The anti-corruption police have accused the former head of the Road and Motorway Directorate of the Czech Republic, Alfréd Brunclík, of manipulating rental contracts for two motorway rest areas. The estimated losses for the state, resulting from the manipulated tender, are approximately 120 million crowns. Mr Brunclík filed a complaint against the suit, claiming the accusations against him were ridiculous and unfounded. The police have accused four other individuals in the case.
A new survey released by the STEM polling agency suggests that Czechs, in troubled economic times, largely blame foreigners for the loss of jobs. According to the poll, two-thirds stated there were ‘too many foreigners in the country’ (there are an estimated 438,000) while 45 percent said they were against foreigners being hired. Are jobs actually at threat or is the sentiment xenophobia plain and simple?
The anti-corruption unit of the Czech police has launched investigation of IT contracts at the Agriculture Ministry. The police have moved on the basis of a criminal complaint, filed by the country’s Supreme Auditing Office earlier this year. The auditors say that between 2005 and 2011, the ministry spent around one billion crowns on technologies and equipment it did not need, and bought them without a tender as required by law.
In an interview for the Austrian weekly Profil, Czech President Miloš Zeman criticized EU’s numerous regulations. The European Union should not regulate light bulbs, smoking and alcohol, Mr Zeman said. The Czech president also voiced his objections to EU’s bailout for Greece and Cyprus, and reiterated that the Czech Republic should soon adopt the euro.
The European Union will take appropriate steps if the pre-election struggle in Bulgaria threatens the position of the Czech state-owned company ČEZ in the country, the head of the head the European Council Herman Van Rompuy pledged on Thursday during a meeting with Czech President Miloš Zeman. Hynek Kmoníček, the head of the presidential office’s foreign affairs dept. revealed the news a day after the two men met at Prague Castle. "We would like the EU to fulfil its role of the top supervisor on EU standards," Mr Kmoníček told the Czech news agency. ČEZ´s problems in Bulgaria, the CTK noted, began after Bulgarians´ mass protests against high energy bills. Demonstrators demanded the nationalisation of the distribution companies in the country that are owned besides ČEZ by another Czech firm, Energo-Pro and the Austrian EVN. The protests resulted in fall of Boiko Borisov´s right-wing government.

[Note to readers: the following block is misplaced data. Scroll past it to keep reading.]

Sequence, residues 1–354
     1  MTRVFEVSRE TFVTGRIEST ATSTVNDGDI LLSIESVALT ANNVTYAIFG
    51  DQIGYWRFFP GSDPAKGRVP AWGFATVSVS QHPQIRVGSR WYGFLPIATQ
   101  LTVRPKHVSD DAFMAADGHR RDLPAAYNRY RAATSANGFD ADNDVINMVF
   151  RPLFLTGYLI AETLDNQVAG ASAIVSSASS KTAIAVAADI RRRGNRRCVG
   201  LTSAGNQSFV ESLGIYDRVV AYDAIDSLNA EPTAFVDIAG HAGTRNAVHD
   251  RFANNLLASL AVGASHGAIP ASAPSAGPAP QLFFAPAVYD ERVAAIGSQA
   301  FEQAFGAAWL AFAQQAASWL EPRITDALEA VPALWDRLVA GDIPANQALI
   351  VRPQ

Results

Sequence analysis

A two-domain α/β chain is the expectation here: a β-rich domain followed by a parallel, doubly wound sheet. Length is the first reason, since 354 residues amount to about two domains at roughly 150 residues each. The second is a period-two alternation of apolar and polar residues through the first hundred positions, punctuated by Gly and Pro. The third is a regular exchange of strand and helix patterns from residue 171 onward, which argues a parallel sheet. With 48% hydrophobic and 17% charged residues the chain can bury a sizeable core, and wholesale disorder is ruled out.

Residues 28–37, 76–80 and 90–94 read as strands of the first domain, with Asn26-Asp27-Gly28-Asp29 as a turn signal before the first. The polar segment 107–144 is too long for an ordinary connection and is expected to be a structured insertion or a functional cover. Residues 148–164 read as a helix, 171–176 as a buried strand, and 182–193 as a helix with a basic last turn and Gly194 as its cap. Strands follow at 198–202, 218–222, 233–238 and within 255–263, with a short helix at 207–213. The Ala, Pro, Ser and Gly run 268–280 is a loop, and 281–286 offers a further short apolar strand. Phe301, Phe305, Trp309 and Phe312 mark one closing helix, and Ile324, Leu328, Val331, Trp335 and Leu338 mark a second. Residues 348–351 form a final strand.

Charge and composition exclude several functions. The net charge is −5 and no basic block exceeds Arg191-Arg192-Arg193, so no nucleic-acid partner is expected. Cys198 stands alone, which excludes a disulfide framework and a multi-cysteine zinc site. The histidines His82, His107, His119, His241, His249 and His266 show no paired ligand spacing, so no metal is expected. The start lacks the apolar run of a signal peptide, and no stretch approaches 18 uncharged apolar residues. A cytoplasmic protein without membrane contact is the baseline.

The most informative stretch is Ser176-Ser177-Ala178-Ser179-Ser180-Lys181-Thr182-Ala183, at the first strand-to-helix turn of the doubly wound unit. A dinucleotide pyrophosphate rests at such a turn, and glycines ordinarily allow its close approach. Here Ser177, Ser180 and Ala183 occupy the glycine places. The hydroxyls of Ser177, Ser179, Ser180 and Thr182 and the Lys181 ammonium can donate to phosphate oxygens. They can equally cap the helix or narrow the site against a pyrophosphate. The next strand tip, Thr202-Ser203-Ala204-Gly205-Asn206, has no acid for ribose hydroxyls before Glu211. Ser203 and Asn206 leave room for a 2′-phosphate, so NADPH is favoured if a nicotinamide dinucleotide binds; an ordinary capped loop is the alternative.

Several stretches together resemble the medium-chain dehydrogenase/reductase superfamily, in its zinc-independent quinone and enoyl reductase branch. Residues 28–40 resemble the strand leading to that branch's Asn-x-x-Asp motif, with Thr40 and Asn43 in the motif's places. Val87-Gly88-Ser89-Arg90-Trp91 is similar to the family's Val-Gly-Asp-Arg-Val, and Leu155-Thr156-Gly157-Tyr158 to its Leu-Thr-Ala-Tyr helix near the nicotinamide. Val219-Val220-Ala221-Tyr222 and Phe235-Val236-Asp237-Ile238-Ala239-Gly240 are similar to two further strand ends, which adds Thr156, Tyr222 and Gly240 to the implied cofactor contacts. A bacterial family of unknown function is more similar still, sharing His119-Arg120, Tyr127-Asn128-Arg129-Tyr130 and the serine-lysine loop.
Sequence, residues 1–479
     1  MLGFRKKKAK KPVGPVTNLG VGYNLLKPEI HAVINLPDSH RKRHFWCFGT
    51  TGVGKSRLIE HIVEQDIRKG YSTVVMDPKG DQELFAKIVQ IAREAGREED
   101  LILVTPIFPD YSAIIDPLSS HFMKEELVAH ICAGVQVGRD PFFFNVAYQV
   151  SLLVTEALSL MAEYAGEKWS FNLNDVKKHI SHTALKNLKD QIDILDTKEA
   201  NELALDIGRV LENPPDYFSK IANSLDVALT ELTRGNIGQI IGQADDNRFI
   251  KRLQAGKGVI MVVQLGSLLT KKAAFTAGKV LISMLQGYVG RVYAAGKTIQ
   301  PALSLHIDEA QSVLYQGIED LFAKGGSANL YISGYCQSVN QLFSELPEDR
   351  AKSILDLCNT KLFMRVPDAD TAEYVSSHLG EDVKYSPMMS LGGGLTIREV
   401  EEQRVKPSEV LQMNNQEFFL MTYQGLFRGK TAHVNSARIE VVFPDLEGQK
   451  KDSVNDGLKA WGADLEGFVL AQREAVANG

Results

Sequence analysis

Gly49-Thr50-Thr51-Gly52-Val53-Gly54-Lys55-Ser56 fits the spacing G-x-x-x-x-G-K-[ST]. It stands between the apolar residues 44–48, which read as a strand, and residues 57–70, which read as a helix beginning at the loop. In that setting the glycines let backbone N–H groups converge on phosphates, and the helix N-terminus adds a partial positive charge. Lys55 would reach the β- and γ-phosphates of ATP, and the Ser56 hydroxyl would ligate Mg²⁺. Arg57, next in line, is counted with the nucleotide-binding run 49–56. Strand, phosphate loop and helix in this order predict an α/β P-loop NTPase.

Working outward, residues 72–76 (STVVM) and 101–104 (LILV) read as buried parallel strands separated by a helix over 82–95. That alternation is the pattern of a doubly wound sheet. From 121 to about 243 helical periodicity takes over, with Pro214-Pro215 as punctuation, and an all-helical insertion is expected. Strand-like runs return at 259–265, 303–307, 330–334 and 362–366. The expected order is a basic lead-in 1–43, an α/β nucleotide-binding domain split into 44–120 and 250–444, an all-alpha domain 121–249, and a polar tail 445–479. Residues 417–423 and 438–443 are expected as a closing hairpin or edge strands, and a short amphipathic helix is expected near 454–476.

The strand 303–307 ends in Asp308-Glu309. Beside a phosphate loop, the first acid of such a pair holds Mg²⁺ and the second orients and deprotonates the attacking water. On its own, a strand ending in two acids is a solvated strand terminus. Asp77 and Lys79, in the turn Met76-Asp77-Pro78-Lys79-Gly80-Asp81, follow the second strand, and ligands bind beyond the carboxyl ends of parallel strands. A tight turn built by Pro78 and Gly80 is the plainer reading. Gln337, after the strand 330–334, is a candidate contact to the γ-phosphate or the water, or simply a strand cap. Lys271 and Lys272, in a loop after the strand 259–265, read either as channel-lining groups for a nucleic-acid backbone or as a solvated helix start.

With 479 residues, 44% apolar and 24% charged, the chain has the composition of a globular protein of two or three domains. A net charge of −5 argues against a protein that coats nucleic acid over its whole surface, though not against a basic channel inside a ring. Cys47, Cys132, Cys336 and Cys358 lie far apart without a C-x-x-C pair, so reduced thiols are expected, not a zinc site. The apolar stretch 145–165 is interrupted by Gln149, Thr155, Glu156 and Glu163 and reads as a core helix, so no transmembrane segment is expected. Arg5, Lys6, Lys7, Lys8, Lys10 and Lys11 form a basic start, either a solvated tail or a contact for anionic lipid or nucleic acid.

This week in Business News: The construction sector in the Czech Republic is expected to restart growth in 2014; Škoda Yeti was voted the most popular car by British car owners; ČEZ has asked two remaining contenders in the Temelín expansion deal to submit better offers; Economic confidence is down in April, after two straight months of improvement; The Federation of Food and Drink Industries wants to introduce stricter rules on product labeling; Trade unions and employers reach no agreement on minimum wage increase.
The Finance Ministry has announced plans to withdraw 6,000 licences for video lottery terminals which were originally issued until the end of 2014. The move is being made in line with the wishes of individual town halls which aim to cub gambling. The Czech Constitutional Court recently upheld a complaint filed collectively by town halls that attacked an article of the lottery law enabling the finance ministry to issue video lottery terminal licences over their heads.
On a working visit to Prague the president of the European Council, Herman
van Rompuy said the EU had weathered the worst of economic crisis and the
future of the euro was no longer at stake. He said the EU must now focus on
jump starting the economy and creating thousands of new jobs in order to
secure the return of financial stability. Prime Minister Petr Necas said
that, while it was in the Czech Republic’s best interests to help the
euro zone’s recovery, Prague was in no hurry to exchange the crown for
the euro and such a decision would have to be made on the basis of a
national referendum. Mr. Van Rompuy assured his host the European Council
would not pressurize Prague on the matter, adding that since the Czech
Republic did not fulfil the respective critieria for euro zone membership
it was not an issue of the present day.
Mr van Rompuy also met with the Czech president, Miloš Zeman. The European Council president’s visit comes some three weeks after the head of the European Commission, José Manuel Barroso, attended the ceremony of hoisting the EU flag at Prague Castle.
The rather moribund debate over when to join the single European currency has been revived in recent days, with the Czech president Miloš Zeman telling a German newspaper his country could adopt the euro within five years. The eurosceptic government is rather more cautious; prime minister Petr Nečas reiterated after a meeting with the head of the European Council on Thursday that his government had no plans to set a date for adoption.
The Czech Government on Wednesday approved a controversial bill on the Šumava National Park. The draft legislation would, among other things, change the park zones and allow logging in places where it is now prohibited. The bill would also relax the rules for building skiing resorts and hotels. While the Environment Ministry believes the bill would provide better protection for the park against the bark beetle, but critics says it would in effect expose the park’s most precious areas to developers and logging firms.
Beijing ends agreement with Prague – but can spat harm Czech capital?
Czechia now ahead of Spain in GDP per capita, but still below EU average
Czechs observe day of mourning for pop idol Karel Gott
Rare Terezín concentration camp artefacts found in attic of private home
Thousands pay tribute to deceased national pop icon Karel Gott